Catch the train

Tags: Stock Market

FIIs have picked up stake in many banking, pharma, FMCG, OMCs and mining shares during the December quarter

Catch the train
With the third quarter shareholding da­ta out for 158 companies from the BSE 500 pack till Friday; banking and financial institutions, mining, FMCG and oil marketing companies (OMCs) seem to be clear beneficiaries from a whopping $7 billion, or Rs 37,890 crore, investment in equities made by foreign institutional investors’ (FIIs) during the October-December period.

An FC analysis looked at the sectors that witnessed FIIs buying during the third quarter and took analysts’ views on whether the present valuations in those sectors were attractive even after the recent rally.

“Ownership data indicates that FIIs have increased their ownership of the Indian markets to the highest level in almost five years. Increasing Institutional ownership trends, FII or DII, have the potential to impart attractiveness to a particular stock but at the same time may also increase the volatility associated with the stock. In H12012 FIIs were a lot more defensive, having bought consumer staples, pharmaceuticals, utilities and IT. In the second half, FIIs turned more aggressive and also bought into some autos, financials, capital goods, IT and even metals,” Sony Mathews, investment advisory service at Geojit BNP Paribas Financial Services said.

Since October 1, the BSE benchmark Sensex has gained a modest 4.80 per cent, but notably as many as 210 stocks from the BSE 500 index climbed over 10 per cent during the same period.

Of the 158 companies that have reported their shareholdings, FIIs raised stake in 104 firms, lowered stake in 49, and retained their stake holding in the remaining five at previous levels.

Companies announce their shareholding pattern on stock exchanges every quarter, gives retail investors a glimpse of big foreign investor interest in Indian companies. The cues are noteworthy and some retail investors even consider the FII investment trend in their decision making.

However, giving much weightage to FII trend in stock picking, especially at times when valuations rise significantly over a brief period, raises concerns of ‘whether the train has been missed’.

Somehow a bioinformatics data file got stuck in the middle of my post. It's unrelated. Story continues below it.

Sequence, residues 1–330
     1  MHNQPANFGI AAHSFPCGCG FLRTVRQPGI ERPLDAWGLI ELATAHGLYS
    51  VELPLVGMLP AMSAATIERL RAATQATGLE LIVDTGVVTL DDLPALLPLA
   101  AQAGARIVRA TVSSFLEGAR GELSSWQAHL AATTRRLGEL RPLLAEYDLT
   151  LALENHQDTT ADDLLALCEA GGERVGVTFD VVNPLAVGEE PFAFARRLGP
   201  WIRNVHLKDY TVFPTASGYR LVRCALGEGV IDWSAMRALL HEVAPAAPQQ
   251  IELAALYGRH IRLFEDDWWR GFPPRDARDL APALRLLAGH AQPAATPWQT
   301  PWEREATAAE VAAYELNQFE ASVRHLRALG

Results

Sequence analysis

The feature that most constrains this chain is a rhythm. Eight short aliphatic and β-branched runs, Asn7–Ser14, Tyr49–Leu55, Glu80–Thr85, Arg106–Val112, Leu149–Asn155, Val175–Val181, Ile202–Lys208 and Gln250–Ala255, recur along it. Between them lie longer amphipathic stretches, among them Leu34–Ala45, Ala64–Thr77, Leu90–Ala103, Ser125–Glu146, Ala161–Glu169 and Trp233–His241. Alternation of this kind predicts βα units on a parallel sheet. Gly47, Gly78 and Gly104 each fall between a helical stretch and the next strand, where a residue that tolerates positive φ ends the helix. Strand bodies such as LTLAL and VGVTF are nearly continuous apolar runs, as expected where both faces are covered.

Take an example of state-run Karnataka Bank. FIIs have raised their stake in the lender by 5.52 percentage points to 21.62 per cent in the December quarter compared with 16.40 per cent in the preceding quarter.

Since October 1, the stock has jumped 58 per cent raising concerns whether more upside is left in the stock.

Bloomberg data showed the lender's price-to-earnings (PE) ratio has risen to 13.85 compared with 8.46 in the early October period.

At once, it may still look reasonable when compared with HDFC Bank’s PE of 30.73. However, it should be noted that PSBs (public sector banks), generally have low PE ratios due to their unwanted exposure to troubled sectors.

So, even a rise in PE for a state-run lender from 8 to 14 is significant. HDFC Bank’s PE inched up from 28.12 to 30.73 during the same period.

“We believe that like most marketmen, FIIs were expecting the rate cut cycle to start from the January-March quarter. Since, the economic revival is first felt in the cyclical sectors, especially banking, which is also called as ‘the engine of growth'. Any rebound from rate cuts may pay well in the next two to three quarters. This may propelled FIIs to hunt for banking shares. The substantial hike of stake in some PSBs could be due to the fact that many private banks were trading at very high PE multiples while one-year forward PE of many PSBs were attractive, three months ago,” said Rajiv Mehta, AVP at IIFL.

HDFC (an NBFC), Federal Bank, IndusInd Bank, Axis Bank and IDFC (NBFC) have seen FIIs raising their stake by 4.45 per cent, 3.65 per cent, 2.46 per cent, 2.13 per cent and 1.97 per cent, respectively.